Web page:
Thanks for the attempt to help me.

    1. If I assign a signal inside synchonized section I do not surprise getting
    flip-flop. Using default values lets to avoid many assignment statemnts in
    the complex branching. It is the first lesson of VHDL class.

    2. The second lesson learns that assignments inside process are not
    concurrent, they are serial as opposed to concurrent blocks.

    3. I could not understand the correct way of dealing with BitPos counter in
    my example. How can I highlight that the register is intended to hold values
    only in range 0 to 10. And what goes on when 11 is asserted to NEXT_VALUE
    but is never asserted to the value? This is a corner situation.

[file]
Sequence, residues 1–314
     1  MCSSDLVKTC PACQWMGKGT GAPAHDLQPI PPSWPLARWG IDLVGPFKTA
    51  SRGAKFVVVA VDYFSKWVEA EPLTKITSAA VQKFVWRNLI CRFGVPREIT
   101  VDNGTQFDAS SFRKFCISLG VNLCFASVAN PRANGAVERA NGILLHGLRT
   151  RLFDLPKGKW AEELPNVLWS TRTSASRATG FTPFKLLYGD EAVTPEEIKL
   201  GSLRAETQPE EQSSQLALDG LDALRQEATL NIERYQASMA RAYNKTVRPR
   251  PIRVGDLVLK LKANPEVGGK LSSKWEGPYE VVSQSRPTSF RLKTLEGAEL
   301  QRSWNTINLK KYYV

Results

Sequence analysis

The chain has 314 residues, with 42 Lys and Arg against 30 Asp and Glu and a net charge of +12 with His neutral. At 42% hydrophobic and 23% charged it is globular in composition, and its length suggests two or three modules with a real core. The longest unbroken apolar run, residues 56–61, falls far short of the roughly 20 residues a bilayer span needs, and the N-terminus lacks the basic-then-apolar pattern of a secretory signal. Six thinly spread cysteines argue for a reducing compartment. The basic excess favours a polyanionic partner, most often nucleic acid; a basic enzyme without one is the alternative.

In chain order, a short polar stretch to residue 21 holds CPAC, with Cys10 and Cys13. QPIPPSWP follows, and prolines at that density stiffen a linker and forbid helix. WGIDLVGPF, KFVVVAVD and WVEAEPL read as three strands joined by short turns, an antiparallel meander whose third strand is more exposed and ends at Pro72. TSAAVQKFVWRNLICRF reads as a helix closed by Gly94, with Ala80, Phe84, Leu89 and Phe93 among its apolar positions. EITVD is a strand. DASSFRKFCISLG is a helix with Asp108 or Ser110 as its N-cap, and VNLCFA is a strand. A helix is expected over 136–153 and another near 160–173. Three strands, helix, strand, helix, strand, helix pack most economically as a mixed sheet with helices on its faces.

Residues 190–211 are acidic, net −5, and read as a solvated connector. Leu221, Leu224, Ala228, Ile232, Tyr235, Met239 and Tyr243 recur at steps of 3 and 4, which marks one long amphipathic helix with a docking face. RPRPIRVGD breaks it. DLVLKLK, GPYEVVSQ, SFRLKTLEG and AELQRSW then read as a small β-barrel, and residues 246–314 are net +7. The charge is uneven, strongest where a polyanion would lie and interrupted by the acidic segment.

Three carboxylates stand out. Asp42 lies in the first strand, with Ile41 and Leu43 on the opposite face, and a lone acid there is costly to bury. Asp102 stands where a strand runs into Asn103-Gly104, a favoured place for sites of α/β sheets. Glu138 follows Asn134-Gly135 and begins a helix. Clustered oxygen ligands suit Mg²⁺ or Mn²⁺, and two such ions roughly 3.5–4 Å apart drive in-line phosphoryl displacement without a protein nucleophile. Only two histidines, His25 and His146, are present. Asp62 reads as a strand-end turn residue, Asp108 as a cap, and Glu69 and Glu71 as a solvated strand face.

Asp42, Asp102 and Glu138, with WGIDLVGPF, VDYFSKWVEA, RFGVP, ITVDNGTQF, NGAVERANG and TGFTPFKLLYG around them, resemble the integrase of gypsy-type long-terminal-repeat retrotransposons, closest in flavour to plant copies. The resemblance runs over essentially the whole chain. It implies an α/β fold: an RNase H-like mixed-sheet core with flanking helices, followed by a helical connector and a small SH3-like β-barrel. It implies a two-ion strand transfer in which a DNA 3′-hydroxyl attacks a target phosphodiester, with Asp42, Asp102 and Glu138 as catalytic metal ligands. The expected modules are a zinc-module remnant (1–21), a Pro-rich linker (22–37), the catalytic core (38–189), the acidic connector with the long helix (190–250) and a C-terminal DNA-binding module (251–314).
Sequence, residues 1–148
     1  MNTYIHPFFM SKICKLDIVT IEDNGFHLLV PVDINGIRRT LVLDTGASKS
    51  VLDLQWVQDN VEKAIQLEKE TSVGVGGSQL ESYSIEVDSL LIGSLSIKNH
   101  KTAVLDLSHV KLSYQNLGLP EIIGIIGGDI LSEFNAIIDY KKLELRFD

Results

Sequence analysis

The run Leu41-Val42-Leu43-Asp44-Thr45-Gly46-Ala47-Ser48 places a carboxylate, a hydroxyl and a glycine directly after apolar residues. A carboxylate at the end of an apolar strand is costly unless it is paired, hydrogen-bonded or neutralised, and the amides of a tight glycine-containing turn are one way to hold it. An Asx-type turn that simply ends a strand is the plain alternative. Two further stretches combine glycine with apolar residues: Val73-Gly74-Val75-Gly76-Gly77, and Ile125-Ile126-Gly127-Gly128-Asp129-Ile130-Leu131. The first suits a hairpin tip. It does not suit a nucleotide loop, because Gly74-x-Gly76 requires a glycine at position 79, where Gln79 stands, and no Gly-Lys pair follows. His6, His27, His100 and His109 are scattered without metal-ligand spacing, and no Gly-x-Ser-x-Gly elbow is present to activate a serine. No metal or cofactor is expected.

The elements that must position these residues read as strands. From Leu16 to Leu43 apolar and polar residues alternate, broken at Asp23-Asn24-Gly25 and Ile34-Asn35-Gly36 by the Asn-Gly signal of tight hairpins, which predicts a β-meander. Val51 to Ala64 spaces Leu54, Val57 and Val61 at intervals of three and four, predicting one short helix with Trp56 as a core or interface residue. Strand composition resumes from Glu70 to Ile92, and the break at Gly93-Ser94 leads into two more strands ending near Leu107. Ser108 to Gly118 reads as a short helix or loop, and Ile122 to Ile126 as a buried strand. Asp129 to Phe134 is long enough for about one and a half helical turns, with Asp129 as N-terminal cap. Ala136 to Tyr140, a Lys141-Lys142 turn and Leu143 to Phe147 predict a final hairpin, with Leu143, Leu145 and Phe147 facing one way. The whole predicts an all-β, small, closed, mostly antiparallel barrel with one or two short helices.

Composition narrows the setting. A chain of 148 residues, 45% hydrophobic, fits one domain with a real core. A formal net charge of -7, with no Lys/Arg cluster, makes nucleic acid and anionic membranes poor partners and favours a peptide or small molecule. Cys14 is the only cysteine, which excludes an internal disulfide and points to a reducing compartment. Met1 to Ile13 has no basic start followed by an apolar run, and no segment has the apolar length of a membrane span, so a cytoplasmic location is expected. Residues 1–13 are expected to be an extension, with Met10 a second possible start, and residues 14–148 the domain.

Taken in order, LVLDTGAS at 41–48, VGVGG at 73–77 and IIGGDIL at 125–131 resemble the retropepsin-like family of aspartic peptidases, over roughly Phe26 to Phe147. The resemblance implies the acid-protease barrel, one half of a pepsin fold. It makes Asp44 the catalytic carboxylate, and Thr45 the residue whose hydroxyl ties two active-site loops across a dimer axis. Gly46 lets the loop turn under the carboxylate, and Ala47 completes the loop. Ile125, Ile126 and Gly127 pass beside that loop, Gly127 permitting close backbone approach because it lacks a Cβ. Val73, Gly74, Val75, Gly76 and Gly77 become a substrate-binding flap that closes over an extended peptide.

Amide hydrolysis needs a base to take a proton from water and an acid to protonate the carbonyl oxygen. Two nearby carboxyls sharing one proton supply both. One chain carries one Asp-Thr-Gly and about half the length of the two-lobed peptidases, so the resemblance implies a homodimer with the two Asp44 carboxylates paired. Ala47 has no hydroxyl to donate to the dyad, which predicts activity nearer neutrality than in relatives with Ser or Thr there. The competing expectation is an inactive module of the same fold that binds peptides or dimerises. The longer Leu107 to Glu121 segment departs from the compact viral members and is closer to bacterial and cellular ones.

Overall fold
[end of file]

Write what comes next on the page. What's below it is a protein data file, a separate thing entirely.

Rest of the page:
Valentin Tihomirov, Oct 22, 2003
    #4
  5. Re: I've asked about not assigning value 11 to integer (0..10)

    On Wed, 22 Oct 2003 12:18:14 +0300, Valentin Tihomirov
    <> wrote:

    > Thanks for the attempt to help me.
    >
    > 1. If I assign a signal inside synchonized section I do not surprise
    > getting
    > flip-flop. Using default values lets to avoid many assignment statemnts
    > in
    > the complex branching. It is the first lesson of VHDL class.


    Yes I agree that this makes the vhdl much neater rather than having to
    explicitly declare all other assignments. The only reason I try to avoid
    inferred latches is to stop warnings from the synthesis tool. I find that
    if there are loads of warnings about inferred latches it is easy to miss a
    real warning that I should be concerned about. Sorry if I came across as